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The Next Wave of Workplace Protection: Gender Identity
July 09, 2015
Bruce Jenner became one of the most widely recognized transgender people in the world when Vanity Fair magazine ran a cover photo of Jenner’s transformation into Caitlin Jenner. Yet, Jenner’s announcement is only the latest high-profile gender transition. Transgender issues have been called into the spotlight by Amazon’s original comedy series Transparent, which follows a father of three as he reveals that he identifies as a woman, and Netflix’s Orange is the New Black which earned transgender actress Laverne Cox an Emmy for her performance. Today, there are an estimated 700,000 people in the US, or about 0.2 to 0.3% of the US population who are transgender. Transgender individuals are not only high profile celebrities and reality TV stars. They are individuals who work a variety of blue and white collar jobs, in a variety of industries. And one issue that many continue to grapple with – despite the growing attention and acceptance – is workplace discrimination. Transgender people still face widespread mistreatment at work, according to the National Transgender Discrimination Survey. Over 90% of those surveyed reported experiencing harassment, mistreatment or discrimination on the job. Nearly 47% said they had experienced an adverse job outcome such as being fired, not being hired or being denied a promotion. At the moment, there is no federal law protecting the rights of transgender employees in the US. They can still be fired for being transgender. Further, there is no state-level gender identity protection in 33 of the 50 US states.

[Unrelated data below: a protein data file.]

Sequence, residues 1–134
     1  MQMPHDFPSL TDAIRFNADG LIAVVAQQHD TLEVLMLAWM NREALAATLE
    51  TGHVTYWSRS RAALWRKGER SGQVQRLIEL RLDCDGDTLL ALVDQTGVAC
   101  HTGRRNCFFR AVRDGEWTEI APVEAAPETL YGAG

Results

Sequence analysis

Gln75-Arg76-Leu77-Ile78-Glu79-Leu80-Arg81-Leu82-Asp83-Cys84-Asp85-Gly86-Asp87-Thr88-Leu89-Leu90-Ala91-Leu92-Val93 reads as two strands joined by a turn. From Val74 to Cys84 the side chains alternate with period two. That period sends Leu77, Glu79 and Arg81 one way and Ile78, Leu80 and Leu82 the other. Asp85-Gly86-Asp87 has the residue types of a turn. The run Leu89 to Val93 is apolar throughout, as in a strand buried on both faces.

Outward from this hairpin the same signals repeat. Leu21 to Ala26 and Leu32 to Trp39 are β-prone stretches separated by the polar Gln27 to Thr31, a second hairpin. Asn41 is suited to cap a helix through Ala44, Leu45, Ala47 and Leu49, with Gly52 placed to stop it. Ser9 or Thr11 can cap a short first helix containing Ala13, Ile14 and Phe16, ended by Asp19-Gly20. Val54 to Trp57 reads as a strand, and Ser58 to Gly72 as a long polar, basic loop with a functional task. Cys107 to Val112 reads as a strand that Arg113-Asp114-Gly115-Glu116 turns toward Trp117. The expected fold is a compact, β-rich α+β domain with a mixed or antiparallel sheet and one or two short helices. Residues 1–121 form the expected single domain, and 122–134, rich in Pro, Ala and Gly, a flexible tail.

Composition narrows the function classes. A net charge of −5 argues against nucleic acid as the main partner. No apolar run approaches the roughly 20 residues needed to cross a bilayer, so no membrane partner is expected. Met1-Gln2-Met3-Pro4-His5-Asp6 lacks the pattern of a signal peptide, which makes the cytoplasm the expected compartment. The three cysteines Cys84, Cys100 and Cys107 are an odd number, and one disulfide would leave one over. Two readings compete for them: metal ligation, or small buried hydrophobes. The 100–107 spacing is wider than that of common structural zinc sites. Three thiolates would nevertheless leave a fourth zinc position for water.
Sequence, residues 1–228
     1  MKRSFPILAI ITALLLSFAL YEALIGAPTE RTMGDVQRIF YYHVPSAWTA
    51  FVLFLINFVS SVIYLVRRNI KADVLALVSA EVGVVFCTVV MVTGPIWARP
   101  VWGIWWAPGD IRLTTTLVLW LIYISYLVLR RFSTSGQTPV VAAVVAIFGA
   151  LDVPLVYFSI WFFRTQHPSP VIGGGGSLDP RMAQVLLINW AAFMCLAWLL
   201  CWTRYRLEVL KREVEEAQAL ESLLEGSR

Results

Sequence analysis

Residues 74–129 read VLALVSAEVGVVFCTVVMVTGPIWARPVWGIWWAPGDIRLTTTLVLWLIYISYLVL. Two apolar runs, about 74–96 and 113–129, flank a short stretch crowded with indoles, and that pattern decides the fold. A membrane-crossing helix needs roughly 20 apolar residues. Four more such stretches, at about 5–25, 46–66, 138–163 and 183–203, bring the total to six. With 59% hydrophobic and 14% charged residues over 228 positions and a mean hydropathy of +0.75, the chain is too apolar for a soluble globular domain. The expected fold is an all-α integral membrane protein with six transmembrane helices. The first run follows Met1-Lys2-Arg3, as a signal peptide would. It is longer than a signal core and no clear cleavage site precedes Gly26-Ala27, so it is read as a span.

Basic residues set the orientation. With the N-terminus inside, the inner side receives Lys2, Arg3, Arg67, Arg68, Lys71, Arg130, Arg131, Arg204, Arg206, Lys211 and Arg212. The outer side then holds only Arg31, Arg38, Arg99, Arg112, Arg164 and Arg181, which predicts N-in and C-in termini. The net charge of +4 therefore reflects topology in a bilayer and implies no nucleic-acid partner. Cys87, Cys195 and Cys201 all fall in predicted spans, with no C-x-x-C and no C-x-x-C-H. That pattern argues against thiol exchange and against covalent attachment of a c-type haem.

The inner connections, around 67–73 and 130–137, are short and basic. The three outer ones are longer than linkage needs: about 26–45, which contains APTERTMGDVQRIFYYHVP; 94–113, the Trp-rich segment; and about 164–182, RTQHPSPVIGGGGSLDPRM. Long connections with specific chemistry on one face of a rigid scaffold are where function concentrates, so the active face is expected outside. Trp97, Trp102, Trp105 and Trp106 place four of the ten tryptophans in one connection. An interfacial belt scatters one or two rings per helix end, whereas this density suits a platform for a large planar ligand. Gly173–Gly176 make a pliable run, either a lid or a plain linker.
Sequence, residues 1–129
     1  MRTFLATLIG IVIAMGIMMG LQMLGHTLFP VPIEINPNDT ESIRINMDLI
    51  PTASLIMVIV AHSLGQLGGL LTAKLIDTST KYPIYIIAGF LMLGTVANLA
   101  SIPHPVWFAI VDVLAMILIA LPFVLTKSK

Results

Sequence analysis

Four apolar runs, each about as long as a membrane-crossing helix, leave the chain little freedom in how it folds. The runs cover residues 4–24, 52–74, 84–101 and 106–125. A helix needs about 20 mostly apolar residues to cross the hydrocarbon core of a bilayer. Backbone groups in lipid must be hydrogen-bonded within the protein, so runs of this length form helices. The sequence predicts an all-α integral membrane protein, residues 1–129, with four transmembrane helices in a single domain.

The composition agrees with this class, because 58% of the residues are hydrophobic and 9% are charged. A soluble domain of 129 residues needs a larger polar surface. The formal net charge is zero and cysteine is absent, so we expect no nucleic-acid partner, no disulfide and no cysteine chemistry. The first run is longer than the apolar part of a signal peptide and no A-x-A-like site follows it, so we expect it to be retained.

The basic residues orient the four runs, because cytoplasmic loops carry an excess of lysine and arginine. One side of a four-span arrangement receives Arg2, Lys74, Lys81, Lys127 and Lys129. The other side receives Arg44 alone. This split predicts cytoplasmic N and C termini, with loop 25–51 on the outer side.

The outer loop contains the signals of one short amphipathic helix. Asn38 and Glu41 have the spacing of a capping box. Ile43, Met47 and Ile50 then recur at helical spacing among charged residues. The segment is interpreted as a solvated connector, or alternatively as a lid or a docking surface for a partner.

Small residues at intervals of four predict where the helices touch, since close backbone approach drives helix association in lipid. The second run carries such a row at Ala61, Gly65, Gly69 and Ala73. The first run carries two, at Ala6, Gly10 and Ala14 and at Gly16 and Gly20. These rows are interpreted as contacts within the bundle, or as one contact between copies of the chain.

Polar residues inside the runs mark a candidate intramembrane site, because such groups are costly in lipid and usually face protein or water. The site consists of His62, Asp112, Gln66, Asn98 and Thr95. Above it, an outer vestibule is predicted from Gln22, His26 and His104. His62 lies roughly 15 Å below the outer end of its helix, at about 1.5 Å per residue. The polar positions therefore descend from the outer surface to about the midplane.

Nineteen states (California, Colorado, Connecticut, Delaware, Hawaii, Illinois, Iowa Maine, Maryland, Massachusetts, Minnesota, Nevada, New Jersey, New Mexico, Oregon, Rhode Island, Utah, Vermont, and Washington) and the District of Columbia now have statewide laws that prohibit discrimination based on gender identity in housing. All of these states except for Massachusetts and Utah also have statewide laws that prevent individuals from being unfairly refused service or entry to public accommodations based on their gender identity. H= Nine states (California, Colorado, Connecticut, Illinois, Massachusetts, New York, Oregon, Vermont, and Washington and the District of Columbia) have state laws that ensure that transgender transition care is covered by health insurance.EEOC actions Recent discrimination lawsuits and Equal Employment Opportunity Commission (EEOC) are drawing attention this employment protection issues. Recently, the Transgender Law Center filed a suit in California Superior Court in Orange County against a major bookstore for discriminatory treatment on behalf of a transgender employee. After the employee, who worked with the company for six years, told her employer that she was undergoing gender transition from a man to a woman, the company, according to Court documents, prohibited her from working as a woman and subsequently fired her when she protested.This suit comes on the heels of a historic lawsuit filed Dec. 18, 2014 by the EEOC regarding discrimination against two transgender employees who worked for small, local companies. One worked for a family-run funeral home in Michigan and the other a local eye care clinic in Florida. Both were fired after informing their employers about their intent to transition. While the eye clinic case was recently settled for $150, 000, the EEOC will defend the first case using Title VII of the Civil Rights Act of 1964 to establish that discrimination based on gender identity could violate the Civil Rights Act. In 2012, the EEOC ruled that Title VII (of the Civil Rights Act of 1964) prohibits gender identity-based employment discrimination and declared, ”intentional discrimination against a transgender individual because that person is transgender is, by definition, discrimination ‘based on … sex’ and such discrimination …violates Title VII”. This ruling was based on a discrimination complaint filed by the Transgender Law Center on behalf a transgender woman who had been denied a job due to her gender identity.In 2013, the EEOC ruled in favor of a transgender woman who was subjected to physical and verbal harassment at her job with a federal contractor in Maryland. This was the first time in history that the EEOC investigated allegations of anti-transgender harassment and ruled for the transgender employee.Most recently, the EEOC charged a Shoreview, Minnesota–based check printing and financial services corporation with violating federal law by subjecting a transgender employee to sex discrimination by prohibiting her from using the women’s restroom.Employment PracticesWhile many US businesses are grappling with transgender issues for the first time, a growing number of US employers have added sexual orientation and gender identity to their nondiscrimination policies. Nearly 66% of all Fortune 500 companies now include gender identity in their employment protections. In the 13th edition of the Human Rights Campaign Foundation’s Corporate Equality Index, American workplaces were rated on Lesbian, Gay, Bisexual and Transgender Equality. Of 306 Fortune 500 Companies: